All plastics are NOT created equal. Yes, you read that right. Different plastic baits have different actions, target different fish, and some just don’t seem to work as well as others. With that being said, I want to introduce you to a must-have plastic bait for all year round. Let me introduce you to the Northland Impulse Mayfly, released in Fall 2011.
I became aware of these baits last winter as they just started hitting the shelves at my favorite bait shop Kabele’s in Spirit Lake, Iowa. Heard a couple people talk about them and seen them on the wall, so i decided to give them a try. Luckily Kabele’s is really in touch with their customer’s reports, and can get any bait in a hurry that proves to be “on fire” for us fellow anglers. Your bigger box stores are not as reactive on stocking new and hot baits as smaller shops, so trying to find these at Scheels was a no-go for me. Not much bigger than a dime, and really not much thicker either, however the flicker action of the little legs and tail seemed to make even the most stubborn blue gills and perch commit to the bite. These baits were just amazing late in the ice fishing season, that I felt it was too late to write a report on them as the ice was going away fast and I didn’t know how they would work in open waters.
My collection grew during the last push of the ice season, and my results kept improving. However, I still wanted to know if these were worth carrying around in my open water box, or just pack them away with my winter lures. Fast forward a month or so to March 25th, 2012, in Correctionville, Iowa. Not too far from my home in Anthon are a couple ponds, like the Little Sioux Park and Shagbark, both in Correctionville. Little Sioux Park is usually an over-pressured pond from all the campers, however Shagbark is hidden since it’s on a hunting reserve. Both places can produce good blue gill fishing, as well as bass and catfish, but currently both are doing really well this year compared to last. My goal this weekend was to find a couple 2 to 3 inch sized blue gill for my home aquarium, as well as have fun fighting some blue gills with my ultralite rod.
Worms were going to be too big for the bait of choice for the smaller gills, so I decided to give the Mayfly a try. My mind told me that just like normal blue gill fishing, just add a bobber and let it sit. At the Little Sioux Park, this proved to be ok for the bigger gills, it was not getting the job done for some 2 inch aquarium fish. 8 to 10 inch gills would hammer my bait just like it was a night crawler, which was fun but not what i truly wanted. I figured once I caught my keepers, I could go after some trophy gills or some of the amazing bass I seen swimming by my bait while I prayed they passed on. Luckily the #8 Eagle Claw snell hook I was using allowed me to yank the lure back out of most of the bass’ mouths without setting the hook on them. As fun as the fishing was at this pond, I wasn’t succeeding in my goal. Catching trophy fish isn’t as hard as catching 2 inch blue gills sometimes.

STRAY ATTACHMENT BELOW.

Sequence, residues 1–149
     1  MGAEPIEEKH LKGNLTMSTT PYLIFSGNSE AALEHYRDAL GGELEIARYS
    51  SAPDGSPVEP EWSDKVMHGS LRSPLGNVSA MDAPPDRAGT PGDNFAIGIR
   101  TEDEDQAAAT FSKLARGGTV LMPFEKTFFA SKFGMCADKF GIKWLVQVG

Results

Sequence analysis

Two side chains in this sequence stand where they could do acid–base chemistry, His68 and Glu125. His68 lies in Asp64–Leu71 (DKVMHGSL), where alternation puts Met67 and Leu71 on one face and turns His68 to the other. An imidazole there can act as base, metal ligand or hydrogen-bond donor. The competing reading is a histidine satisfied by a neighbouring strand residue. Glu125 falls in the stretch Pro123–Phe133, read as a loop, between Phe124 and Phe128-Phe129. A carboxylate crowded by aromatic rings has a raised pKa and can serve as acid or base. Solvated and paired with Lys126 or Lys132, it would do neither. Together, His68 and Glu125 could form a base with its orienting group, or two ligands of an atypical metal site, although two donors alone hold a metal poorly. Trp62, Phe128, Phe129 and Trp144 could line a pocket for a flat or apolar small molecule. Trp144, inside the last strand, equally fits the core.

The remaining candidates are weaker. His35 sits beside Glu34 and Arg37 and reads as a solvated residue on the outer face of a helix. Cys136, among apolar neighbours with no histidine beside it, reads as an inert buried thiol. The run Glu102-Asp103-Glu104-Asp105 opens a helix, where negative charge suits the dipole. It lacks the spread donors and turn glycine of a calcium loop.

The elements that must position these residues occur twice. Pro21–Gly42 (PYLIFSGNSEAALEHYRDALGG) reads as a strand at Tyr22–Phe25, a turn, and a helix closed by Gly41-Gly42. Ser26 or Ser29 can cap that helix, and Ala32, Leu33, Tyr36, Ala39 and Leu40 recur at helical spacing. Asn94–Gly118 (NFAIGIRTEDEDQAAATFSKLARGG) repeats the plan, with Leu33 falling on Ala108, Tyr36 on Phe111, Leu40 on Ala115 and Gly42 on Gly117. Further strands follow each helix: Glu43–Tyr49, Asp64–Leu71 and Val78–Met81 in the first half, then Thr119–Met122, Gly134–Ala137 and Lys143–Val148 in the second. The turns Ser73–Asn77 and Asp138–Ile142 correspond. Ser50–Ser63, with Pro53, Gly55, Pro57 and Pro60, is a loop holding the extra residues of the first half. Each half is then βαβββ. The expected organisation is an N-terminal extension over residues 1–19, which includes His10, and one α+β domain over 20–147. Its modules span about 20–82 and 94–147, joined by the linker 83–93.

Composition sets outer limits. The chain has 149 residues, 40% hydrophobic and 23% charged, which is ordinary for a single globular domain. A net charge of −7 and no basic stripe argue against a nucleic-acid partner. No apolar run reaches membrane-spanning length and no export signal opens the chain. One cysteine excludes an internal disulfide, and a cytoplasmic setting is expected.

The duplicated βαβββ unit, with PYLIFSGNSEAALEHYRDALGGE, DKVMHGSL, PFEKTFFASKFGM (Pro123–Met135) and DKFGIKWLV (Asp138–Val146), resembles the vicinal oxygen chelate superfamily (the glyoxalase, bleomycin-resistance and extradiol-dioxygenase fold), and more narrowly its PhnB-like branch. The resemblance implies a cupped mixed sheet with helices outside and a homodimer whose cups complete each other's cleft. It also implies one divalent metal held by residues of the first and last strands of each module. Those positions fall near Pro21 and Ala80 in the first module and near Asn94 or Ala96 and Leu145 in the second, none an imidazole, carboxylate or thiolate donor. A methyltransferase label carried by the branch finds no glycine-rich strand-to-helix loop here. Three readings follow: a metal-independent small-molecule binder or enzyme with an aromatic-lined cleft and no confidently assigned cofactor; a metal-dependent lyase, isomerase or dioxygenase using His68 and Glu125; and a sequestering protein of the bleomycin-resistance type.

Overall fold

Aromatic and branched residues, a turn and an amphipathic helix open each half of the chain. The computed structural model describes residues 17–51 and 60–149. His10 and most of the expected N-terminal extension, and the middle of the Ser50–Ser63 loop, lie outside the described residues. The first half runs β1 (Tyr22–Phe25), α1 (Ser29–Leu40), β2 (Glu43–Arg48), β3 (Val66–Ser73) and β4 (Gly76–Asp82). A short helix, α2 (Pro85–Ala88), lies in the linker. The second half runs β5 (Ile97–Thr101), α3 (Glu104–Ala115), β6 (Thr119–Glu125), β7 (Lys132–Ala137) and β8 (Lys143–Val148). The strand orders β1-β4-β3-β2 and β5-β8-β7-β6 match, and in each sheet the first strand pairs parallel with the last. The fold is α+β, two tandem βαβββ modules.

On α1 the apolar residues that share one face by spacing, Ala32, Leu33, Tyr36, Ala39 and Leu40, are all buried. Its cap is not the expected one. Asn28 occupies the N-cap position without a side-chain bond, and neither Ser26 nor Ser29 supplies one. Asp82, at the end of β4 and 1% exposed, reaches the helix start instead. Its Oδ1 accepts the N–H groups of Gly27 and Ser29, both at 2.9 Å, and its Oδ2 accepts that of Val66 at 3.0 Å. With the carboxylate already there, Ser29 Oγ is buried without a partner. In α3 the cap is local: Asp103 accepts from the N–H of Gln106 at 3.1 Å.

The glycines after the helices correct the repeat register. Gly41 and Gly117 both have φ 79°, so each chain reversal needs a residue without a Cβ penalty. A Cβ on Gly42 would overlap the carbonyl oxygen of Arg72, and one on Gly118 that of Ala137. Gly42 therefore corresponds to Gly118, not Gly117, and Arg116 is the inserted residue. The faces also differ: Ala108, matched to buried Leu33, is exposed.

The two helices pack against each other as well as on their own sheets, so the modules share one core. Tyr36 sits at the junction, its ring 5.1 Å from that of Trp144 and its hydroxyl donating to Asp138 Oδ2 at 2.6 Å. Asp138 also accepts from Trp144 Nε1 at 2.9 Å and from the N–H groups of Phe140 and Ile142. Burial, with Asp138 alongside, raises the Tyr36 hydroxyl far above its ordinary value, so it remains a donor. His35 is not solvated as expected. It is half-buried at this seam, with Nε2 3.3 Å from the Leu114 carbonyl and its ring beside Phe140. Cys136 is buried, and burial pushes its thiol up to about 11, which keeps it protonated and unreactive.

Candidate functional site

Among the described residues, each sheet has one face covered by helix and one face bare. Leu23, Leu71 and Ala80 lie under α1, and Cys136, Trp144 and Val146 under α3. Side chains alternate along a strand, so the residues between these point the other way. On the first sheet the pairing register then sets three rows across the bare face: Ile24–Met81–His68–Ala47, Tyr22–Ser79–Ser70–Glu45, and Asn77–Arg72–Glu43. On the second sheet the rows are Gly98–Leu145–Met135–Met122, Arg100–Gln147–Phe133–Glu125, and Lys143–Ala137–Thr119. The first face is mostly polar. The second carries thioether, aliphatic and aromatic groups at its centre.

So I decided to hit Shagbark up, where I knew blue gills exist and were usually more aggressive than the gills in other ponds. The journey from parking lot thru the mowed path over the hill revealed a pond hurting from the lack of moisture. This pond was easily 3 feet more shallow due to the lack of heavy snows and rains. I surveyed the pond in disgust, almost wishing I hadn’t came. Luckily I decided since I made the trek, I would atleast give it a try. Casted out about 15 feet, and the waiting game began. Couple nibbles here and there, so I was about to switch baits and slowly retrieved when all the sudden my bait got hammered by blue gills. So I removed the bobber and just casted with a slow retrieve, with every cast landing another blue gill. My bucket of water was filling up with small dink sized blue gill, as well as tossing back a couple 6 to 8 inch sized gills. For over an hour, it was non-stop action with this lure. The slow retrieve was making the tail and legs flicker in the water, making it irresistible to any gill in the proximity. So irresistible that I could see flocks of other gills chasing my bait till one finally succeeded in grabbing my lure every retrieve.
So after an hour worth of fishing, or should I just say “catching”, at Shagbark, and another 10 minutes of sorting, I accomplished my goal of getting a couple gills for my aquarium and more importantly, finding out if this bait was worth keeping in my tackle all year round. The Northland Impulse Mayfly has proved itself to be a superb performer when used correctly, outshining where others have failed, as well as saving me from spending 3 bucks for crawlers every time I want to go blue gill fishing. One pack of these baits were about 2 bucks and some change, with about 10 or so in a package, and not one was lost to a fish this whole year. I consider this bait a must-have regardless of what season you choose to fish. The Mayfly will help you keep your lines tight for seasons to come!